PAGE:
For a couple of days, myself, a fellow photographer and the guide/driver have been following a trio of elephants, possibly siblings. I managed to make some fantastic frames with the elephants especially in the morning and evening light. One such frame is shared above. In this image, the beautiful backlight, the dense forests behind the elephants and the elephants perfectly balanced in the frame, makes this image special and unique. It is a beautiful habitat shot of the elephants in the park as well. The trio was very active and this encouraged me to follow them through multiple days to get more shots around the park.
On the third day of safari, during the evening safari session, as a routine, we rushed back to the same area where we had been capturing images of the elephants. The path to the riverbed was narrow and had bushes on both sides of the road. As soon as we took a curve on the road, the trio all of a sudden appeared to the right of the safari vehicle and driver instinctly stopped the vehicle. These safari vehicles are specially made open jeeps with no roofing in order to aid for undisturbed photography. So we were literally in the open and just a few meters away from the animals.
One of the elephants was taking a mud bath, while the little one, was grazing. The third elephant however seemed alarmed by our unexpected presence and our closeness to the gang. You can see him watching us in the image above. He observed us for a few minutes and appeared to settle down. We were quite close to the three elephants and there was not much frames to made at such close proximity. I quietly murmured to the driver to move further away and then within a fraction of time, the elephant that was watching us, started to charge us.
All wild animals have their own way of conveying discomfort, now elephants usually make sounds or at least mock charge. A mock charge is when an elephant charges towards you while making sounds and then stops at a distance from the intruder. I have had the experience of elephants making a mock charge at the safari vehicle in the past so we anticipated that he would stop. However, in this case, the elephant did not stop and for a moment I felt that perhaps I was in for some big trouble.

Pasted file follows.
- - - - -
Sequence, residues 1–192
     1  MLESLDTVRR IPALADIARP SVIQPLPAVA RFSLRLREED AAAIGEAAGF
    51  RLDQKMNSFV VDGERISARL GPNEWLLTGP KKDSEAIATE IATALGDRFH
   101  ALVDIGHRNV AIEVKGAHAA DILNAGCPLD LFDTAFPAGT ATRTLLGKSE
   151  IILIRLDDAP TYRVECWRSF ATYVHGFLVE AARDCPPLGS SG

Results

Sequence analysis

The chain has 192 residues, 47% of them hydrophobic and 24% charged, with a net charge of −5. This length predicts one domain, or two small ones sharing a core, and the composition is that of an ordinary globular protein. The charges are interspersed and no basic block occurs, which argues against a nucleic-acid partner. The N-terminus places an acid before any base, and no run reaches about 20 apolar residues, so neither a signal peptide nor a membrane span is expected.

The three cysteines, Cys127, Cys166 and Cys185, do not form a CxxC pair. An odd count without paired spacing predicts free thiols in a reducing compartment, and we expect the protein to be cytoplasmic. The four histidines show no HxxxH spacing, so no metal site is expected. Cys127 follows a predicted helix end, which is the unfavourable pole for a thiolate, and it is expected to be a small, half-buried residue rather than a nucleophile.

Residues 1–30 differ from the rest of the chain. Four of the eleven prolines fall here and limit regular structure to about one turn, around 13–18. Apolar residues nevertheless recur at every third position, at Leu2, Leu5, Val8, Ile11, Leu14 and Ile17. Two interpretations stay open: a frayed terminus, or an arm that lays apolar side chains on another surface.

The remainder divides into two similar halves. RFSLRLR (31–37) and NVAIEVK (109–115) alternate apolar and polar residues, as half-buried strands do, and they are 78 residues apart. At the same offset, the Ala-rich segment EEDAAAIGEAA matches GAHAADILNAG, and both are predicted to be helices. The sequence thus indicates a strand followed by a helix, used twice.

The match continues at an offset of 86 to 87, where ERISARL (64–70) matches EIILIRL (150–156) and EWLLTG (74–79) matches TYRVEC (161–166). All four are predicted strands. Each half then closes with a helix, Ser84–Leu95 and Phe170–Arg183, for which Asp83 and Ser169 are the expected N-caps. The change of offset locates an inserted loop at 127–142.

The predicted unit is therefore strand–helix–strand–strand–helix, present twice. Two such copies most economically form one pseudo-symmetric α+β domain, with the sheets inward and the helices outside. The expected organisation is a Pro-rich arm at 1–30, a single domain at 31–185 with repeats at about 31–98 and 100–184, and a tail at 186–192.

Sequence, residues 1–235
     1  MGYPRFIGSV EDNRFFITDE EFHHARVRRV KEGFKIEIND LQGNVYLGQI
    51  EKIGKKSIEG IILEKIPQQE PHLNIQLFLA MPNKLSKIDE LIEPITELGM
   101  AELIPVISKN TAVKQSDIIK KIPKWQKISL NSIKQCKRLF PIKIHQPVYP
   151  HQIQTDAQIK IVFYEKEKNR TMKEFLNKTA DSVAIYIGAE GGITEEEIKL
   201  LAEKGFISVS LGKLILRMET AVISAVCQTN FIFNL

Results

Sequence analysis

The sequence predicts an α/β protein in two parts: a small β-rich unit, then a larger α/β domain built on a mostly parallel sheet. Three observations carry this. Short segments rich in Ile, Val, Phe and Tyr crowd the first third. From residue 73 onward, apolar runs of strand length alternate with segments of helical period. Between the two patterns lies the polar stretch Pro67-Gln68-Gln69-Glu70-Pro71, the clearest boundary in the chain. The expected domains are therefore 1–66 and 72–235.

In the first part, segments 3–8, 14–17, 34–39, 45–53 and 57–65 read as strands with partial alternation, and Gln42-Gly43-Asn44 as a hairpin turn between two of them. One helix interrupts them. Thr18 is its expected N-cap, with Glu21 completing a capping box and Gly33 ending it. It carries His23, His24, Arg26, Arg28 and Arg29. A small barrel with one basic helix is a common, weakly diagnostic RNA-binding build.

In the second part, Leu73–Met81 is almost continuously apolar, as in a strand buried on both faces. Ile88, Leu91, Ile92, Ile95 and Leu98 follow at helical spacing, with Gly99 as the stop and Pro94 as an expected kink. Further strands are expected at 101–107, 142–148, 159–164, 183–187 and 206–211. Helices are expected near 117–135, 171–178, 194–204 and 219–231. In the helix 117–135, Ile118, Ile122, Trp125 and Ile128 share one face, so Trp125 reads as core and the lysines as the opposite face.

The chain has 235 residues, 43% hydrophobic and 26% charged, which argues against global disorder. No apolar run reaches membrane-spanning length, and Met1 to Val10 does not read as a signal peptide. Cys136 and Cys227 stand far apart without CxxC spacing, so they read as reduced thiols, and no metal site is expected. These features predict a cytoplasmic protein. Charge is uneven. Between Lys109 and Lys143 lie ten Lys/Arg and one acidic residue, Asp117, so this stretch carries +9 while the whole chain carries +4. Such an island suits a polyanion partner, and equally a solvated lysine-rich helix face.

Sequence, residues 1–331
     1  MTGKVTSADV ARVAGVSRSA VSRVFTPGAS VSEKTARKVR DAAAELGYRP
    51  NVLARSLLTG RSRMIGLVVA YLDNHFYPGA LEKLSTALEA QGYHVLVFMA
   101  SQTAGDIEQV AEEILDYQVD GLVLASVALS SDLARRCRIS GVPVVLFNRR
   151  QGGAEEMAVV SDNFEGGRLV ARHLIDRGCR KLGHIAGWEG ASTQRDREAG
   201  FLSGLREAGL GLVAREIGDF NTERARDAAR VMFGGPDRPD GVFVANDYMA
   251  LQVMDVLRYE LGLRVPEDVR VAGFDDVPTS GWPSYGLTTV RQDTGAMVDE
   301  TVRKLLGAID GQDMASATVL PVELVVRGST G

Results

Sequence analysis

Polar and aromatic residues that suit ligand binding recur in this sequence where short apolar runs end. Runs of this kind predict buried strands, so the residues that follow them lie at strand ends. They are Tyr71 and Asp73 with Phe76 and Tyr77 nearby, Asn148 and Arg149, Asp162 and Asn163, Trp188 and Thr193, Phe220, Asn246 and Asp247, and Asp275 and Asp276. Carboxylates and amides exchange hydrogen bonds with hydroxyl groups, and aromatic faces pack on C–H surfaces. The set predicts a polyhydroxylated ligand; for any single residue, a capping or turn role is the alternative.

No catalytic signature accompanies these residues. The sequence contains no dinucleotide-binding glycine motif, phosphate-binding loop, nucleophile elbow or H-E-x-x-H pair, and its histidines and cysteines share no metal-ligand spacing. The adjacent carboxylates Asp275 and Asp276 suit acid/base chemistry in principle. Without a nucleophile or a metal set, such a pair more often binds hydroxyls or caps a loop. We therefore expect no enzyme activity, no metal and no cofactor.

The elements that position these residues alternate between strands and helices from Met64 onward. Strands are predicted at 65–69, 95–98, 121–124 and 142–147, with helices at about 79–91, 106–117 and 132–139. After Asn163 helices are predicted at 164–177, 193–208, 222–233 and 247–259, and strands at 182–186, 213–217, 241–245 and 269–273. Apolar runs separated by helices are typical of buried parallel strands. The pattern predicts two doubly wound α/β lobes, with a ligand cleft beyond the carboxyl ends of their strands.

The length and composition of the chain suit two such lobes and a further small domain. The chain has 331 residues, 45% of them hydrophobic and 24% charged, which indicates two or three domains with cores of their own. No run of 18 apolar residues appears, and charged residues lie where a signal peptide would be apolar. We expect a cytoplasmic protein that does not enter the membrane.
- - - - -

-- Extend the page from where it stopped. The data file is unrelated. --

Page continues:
Although a bit late, instinctively my driver managed to put the vehicle in reverse as this was the only option and drive backwards however the elephant managed to get very close. It is indescribable the emotions than ran through my mind, my heart was pounding all the while, I had lost balance and dropped back on my seat hard and my arms were hurting from the fall. Since the vehicle was being driven backwards, the ride was disoriented and we ran over rocks and pebbles hard, all the more, making the experience unpleasant. The elephant had chased us for a good 50-70 meters before losing interest. We stopped the vehicle briefly with a sigh of relief.
Now, Elephants in general are much more notorious than some apex predators such as Tigers in the Indian Forests. So our panic during the incident was valid. The one thing that we learn from such an incident is that it is always best to keep a safe distance from wild animals and to respond to their warnings promptly, especially the likes of elephants and avoid intruding into their comfort zones. In this instance, we were in the wrong place, wrong time accidentally and we were lucky to make a narrow escape. As much as a photograph is important, the images should be captured without risk to the subject or the photographer. This is the message I would like to pass on with this story.